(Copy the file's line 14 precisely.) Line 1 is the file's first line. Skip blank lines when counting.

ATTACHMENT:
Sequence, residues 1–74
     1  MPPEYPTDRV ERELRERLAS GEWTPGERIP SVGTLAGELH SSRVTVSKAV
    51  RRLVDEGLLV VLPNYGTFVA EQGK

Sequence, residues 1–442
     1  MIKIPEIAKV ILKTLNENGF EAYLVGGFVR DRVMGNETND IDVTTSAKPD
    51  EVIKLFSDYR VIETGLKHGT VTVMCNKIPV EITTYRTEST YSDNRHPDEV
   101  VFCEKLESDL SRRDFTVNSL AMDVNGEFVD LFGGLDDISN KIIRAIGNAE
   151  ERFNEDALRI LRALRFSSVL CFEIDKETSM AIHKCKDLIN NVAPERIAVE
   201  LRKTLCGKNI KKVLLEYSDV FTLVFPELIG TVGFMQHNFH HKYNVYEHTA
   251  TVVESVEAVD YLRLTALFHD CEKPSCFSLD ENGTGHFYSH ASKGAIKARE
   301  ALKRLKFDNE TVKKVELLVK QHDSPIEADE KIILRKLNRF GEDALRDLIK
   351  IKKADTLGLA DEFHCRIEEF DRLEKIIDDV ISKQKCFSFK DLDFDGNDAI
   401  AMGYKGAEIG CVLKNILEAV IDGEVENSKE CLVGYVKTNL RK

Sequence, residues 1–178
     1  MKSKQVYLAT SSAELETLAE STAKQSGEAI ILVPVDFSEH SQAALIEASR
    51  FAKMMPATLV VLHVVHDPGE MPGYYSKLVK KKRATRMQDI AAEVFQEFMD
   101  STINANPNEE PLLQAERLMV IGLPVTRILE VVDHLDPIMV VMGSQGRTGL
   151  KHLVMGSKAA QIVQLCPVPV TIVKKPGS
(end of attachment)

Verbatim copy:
Sequence, residues 1–178